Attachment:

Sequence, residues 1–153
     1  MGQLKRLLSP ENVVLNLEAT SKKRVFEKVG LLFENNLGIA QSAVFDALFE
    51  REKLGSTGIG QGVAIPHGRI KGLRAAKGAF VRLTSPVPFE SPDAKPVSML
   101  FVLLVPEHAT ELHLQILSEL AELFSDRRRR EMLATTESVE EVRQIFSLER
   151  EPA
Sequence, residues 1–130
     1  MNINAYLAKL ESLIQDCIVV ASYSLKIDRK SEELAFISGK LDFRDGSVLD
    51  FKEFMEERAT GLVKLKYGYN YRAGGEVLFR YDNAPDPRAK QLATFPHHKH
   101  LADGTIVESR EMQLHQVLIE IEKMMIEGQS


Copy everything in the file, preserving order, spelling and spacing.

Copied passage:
Sequence, residues 1–153
     1  MGQLKRLLSP ENVVLNLEAT SKKRVFEKVG LLFENNLGIA QSAVFDALFE
    51  REKLGSTGIG QGVAIPHGRI KGLRAAKGAF VRLTSPVPFE SPDAKPVSML
   101  FVLLVPEHAT ELHLQILSEL AELFSDRRRR EMLATTESVE EVRQIFSLER
   151  EPA
Sequence, residues 1–130
     1  MNINAYLAKL ESLIQDCIVV ASYSLKIDRK SEELAFISGK LDFRDGSVLD
    51  FKEFMEERAT GLVKLKYGYN YRAGGEVLFR YDNAPDPRAK QLATFPHHKH
   101  LADGTIVESR EMQLHQVLIE IEKMMIEGQS